Treating everyone equally in estate planning can get complicated, even with the best of intentions. What if a family wants to leave their home to their daughter, who lives locally, but wants to be sure that their son, who lives far away, receives his fair share of their estate? It takes some planning, says the Davis Enterprise in the article “Keeping things even for the kids.” The most important thing to know is that if the parents want to make their distribution equitable, they can.
If the daughter takes the family home, she’ll need to have an appraisal of the home done by a certified real estate appraiser. Then, she has options. She can either pay her brother his share in cash, or she can obtain a mortgage in order to pay him.
Property taxes are another concern. The taxes vary because the amount of the tax is based on the assessed value of the real property. That is the amount of money that was paid for the property, plus certain improvements. In California, property taxes are paid to the county on one percent of the property’s “assessed value,” also known as the “base year value” along with any additional parcel taxes that have become law. The base year value increases annually by two percent every year. This was created in the 1970s, under California’s Proposition 13.
Here’s the issue: the overall increase in the value of real property has outpaced the assessed value of real property. Longtime residents who purchased a home, years ago still enjoy low taxes, while newer residents pay more. If the property changes ownership, the purchase could reset the “base year value,” and increase the taxes. However, there is an exception when the property is transferred from a parent to a child. If the child takes over ownership of the home, they will have the same adjusted base year value as their parents.
If the house is going from parents to daughter, it seems like it should be a simple matter. However, it is not. Here’s where you need an experienced estate planning attorney. If the estate planning documents say that each child should receive “equal shares” in the home, each child receives a one-half interest in the home. If the daughter takes the house and equalizes the distribution by buying out the son’s share, she can do that. However, the property tax assessor will see that acquisition of her brother’s half interest in the property as a “sibling to sibling” transfer. There is no exclusion for that. The one-half interest in the property will then be reassessed to the fair market value of the home at the time of the transfer—when the siblings inherit the property. The property tax will go up.
There may be a solution, depending upon the laws of your state. One attorney discovered that the addition of certain language to estate planning documents allowed one sibling to buy out the other sibling and maintain the parent-child exclusion from reassessment. The special language gives the child the option to purchase the property from the other. Make sure your estate planning attorney investigates this thoroughly, since the rules in your jurisdiction may be different.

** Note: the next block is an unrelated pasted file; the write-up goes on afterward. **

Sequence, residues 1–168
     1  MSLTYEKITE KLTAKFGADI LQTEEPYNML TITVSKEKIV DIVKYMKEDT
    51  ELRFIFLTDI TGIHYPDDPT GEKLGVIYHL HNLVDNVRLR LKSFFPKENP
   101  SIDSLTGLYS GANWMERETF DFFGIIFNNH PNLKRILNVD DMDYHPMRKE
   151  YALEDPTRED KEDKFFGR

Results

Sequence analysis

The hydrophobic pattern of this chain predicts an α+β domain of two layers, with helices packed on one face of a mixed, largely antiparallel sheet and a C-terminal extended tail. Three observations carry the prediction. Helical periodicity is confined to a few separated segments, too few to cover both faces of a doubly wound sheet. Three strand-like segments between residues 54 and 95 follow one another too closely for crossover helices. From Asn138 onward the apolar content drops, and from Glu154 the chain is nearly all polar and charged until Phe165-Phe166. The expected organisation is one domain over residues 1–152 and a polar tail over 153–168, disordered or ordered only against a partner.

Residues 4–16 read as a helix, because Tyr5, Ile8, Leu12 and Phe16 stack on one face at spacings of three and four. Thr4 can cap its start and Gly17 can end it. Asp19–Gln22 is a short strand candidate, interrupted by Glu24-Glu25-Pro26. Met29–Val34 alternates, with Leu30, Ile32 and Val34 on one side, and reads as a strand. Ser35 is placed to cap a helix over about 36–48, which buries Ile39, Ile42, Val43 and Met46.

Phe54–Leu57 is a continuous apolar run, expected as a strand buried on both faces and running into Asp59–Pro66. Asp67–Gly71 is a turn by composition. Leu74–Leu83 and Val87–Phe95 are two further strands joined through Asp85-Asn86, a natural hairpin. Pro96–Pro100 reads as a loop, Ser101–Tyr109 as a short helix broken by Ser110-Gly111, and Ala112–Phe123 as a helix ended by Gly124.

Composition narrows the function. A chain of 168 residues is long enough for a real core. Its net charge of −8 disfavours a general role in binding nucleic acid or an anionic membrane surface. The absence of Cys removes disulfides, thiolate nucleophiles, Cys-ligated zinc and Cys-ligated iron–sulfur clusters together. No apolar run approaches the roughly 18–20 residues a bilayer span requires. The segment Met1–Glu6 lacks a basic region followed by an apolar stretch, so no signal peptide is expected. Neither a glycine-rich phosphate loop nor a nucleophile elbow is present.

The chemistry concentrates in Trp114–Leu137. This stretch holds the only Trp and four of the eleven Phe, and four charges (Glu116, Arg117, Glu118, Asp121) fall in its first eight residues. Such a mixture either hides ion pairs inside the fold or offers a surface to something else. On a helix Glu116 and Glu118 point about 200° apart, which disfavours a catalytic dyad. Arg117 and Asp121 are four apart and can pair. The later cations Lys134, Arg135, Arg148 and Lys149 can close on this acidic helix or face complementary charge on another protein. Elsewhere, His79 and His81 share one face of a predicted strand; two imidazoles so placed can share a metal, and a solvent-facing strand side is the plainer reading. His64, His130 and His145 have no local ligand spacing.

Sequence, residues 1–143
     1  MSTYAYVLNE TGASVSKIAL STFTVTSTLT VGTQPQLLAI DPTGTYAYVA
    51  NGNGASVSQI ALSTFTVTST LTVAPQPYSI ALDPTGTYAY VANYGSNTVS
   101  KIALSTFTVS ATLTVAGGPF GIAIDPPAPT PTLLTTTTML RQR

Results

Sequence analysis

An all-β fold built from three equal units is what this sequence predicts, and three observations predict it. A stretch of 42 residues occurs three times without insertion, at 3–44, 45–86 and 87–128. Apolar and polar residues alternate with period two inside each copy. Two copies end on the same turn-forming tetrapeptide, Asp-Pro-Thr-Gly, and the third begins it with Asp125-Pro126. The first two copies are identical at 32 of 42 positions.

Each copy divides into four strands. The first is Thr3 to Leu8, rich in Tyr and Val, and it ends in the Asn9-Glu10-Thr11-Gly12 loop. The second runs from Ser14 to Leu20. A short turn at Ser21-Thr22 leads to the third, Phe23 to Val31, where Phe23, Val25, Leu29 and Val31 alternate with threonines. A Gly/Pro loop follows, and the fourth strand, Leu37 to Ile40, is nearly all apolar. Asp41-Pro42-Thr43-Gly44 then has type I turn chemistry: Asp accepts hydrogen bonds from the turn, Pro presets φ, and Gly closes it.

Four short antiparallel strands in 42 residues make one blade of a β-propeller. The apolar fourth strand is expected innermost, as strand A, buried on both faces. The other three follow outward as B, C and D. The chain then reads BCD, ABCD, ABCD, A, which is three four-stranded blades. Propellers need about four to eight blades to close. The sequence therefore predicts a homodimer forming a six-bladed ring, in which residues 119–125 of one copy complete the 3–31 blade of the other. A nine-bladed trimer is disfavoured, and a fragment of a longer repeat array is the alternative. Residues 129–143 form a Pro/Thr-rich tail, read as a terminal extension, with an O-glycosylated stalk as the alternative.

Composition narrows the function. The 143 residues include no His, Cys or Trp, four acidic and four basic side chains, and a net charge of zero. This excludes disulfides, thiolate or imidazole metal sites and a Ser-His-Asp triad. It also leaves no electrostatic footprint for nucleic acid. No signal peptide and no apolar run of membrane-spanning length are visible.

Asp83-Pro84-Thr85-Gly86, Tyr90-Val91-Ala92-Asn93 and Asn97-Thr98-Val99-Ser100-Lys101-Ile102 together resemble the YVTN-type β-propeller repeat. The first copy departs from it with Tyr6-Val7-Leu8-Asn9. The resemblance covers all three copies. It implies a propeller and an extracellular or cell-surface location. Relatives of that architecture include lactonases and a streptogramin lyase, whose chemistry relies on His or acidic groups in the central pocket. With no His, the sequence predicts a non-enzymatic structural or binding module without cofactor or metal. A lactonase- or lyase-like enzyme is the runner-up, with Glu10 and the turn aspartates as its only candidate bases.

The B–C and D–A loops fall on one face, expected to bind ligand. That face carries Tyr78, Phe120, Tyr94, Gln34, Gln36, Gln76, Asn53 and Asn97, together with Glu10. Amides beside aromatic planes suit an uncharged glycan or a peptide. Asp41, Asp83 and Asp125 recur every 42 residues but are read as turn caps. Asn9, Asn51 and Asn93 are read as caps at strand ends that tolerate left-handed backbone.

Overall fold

Reference: Davis Enterprise (Oct. 27, 2019) “Keeping things even for the kids”
“Congratulations! Your retirement planning paid off. You built a $1 million retirement nest egg. How long will $1 million last in retirement?”
For most retirees, the goal is simple: don’t run out of money. That’s the worry that plagues most Americans—61% of them, according to a survey from Allianz Life. How do you keep that $1 million from running out before you do, asks Investors Business Daily in the article “How Long Will Your $1M Last in Retirement?”
Let’s use this example. A person is 65 years old, earning $115,000 annually. It’s not a king’s ransom, but it’s a decent income. They sock away a good-sized amount of money every year, but not so much that they reach income limits in a 401(k) or similar retirement plan.
The simple answer to the how long will $1 million last is less than nine years. That’s if the person spends $115,000 a year from the $1 million.
The average American life expectancy is now 78.6 years, as of 2017, according to the CDC. However, if you make it to 65, you’re more likely to make it to 20 more years. For the average person, that means living to around 85. Retirement funds in this case, which is admittedly an average, will need to last twenty years. Will they?
That nest egg isn’t done growing, just because you’ve turned 65. Given enough time, even including setbacks in the market, you’re likely to have a nest egg that keeps growing over those twenty years. If you use a 5.6% annual rate of return for forecasting how your portfolio will do, you may be in better shape than you thought.
A 5.6% return would grow your portfolio to $2.97 million, even at a 5.6% growth rate. However, that’s without subtracting any money for living expenses every year. Let’s plug that in.
You’ll be getting Social Security, so you won’t be taking out $115,000 ever year. While the size of benefits may change in the future, there will still be income. For a 65-year-old earning $115,000, expect to receive about $27,815 from Social Security annually.
That’s $87,185 to maintain your current lifestyle, from retirement savings, any part-time income or other sources. Let’s say you don’t want to work, and it all has to come from savings. Don’t forget inflation, which will come in at some point. U.S. inflation is now 1.7%.
It looks like your $1 million will last about fifteen years now. Will that be enough? Downsizing to cut housing costs will help, as would part-time employment. You should also make sure that you have long-term care insurance to protect you and your family from one of the biggest health care costs. However, people with $1 million can pat themselves on the back—well done!
Reference: Investor’s Business Daily (Oct. 28, 2019) “How Long Will Your $1M Last in Retirement?”